Written in January, this short piece by Khaled Jum'a is an immediate and intense evocation of life under occupation.
The dense crowds made it seem like the Apocalypse had arrived; one coach, and people still flowed into it like a river without obstruction. Suitcases filled half the coach, and what was left had to be room enough for a hundred bodies. If not… we’d be spending the night here.
The space filled up with office workers dragging their exhausted bodies, yet the soldiers on the other side insisted we keep the first row empty, four whole seats… and you can say whatever you want… but… there’s no sitting in the front seats behind the driver… it’s military orders.
A five-year-old girl, who didn’t care about orders, or borders, or waiting… filled the place up with her laughter and her jostling about that bothered some of the people, but she didn’t care. She might have been wondering: What’s all this sadness on people’s faces?
After three thousand years of waiting, the doors closed. I was still in the same position, glued to my window, watching the little girl, oblivious to everything but her, when the driver took his seat behind the wheel and the engine’s rumbling shook us all. The child jumped over everyone and sat in one of the empty seats at the front of the coach, and again might have been wondering to herself: Why’s everyone squashed together and not sitting in these empty seats?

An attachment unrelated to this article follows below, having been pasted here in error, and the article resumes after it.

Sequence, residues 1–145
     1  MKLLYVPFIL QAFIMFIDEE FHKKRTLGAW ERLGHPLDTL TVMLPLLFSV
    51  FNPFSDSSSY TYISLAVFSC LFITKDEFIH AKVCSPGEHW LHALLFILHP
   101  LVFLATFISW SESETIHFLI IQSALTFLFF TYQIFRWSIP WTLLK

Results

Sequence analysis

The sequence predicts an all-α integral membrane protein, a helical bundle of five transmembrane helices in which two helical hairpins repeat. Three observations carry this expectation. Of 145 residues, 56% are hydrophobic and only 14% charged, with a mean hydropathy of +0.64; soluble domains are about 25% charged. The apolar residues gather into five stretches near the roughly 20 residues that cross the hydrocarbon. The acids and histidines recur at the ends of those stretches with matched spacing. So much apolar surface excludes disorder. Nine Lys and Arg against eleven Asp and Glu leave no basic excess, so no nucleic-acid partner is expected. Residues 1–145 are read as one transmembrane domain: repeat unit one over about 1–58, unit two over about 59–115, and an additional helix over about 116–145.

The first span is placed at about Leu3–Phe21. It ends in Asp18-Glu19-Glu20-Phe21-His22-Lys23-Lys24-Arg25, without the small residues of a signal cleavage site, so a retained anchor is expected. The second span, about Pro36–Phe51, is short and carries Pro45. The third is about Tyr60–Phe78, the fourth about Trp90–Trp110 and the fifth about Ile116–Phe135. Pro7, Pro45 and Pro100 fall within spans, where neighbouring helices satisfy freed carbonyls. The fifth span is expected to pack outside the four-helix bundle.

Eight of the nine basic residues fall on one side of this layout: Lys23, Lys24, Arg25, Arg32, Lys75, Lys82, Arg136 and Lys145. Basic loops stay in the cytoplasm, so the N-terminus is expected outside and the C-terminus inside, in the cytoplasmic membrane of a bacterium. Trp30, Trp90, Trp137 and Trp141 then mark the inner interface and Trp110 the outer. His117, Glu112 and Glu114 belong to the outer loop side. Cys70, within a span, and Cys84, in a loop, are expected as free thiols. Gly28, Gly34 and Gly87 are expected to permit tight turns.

I looked at her with a smile I’d been hard-pressed to find, and she looked back and smiled without thinking. I said: Habibti, you’re not allowed to sit here. She sprawled out without paying attention to what I’d said, and asked, simply, while turning her head to look for her mother: Why?
Finally, when the soldier boarded the coach, he looked at her sitting there on the front seat, inspected the coach with an air of contempt, and left without a word. And I thought to myself: Why?
Translated by Isis Nusair and Shaun Levin
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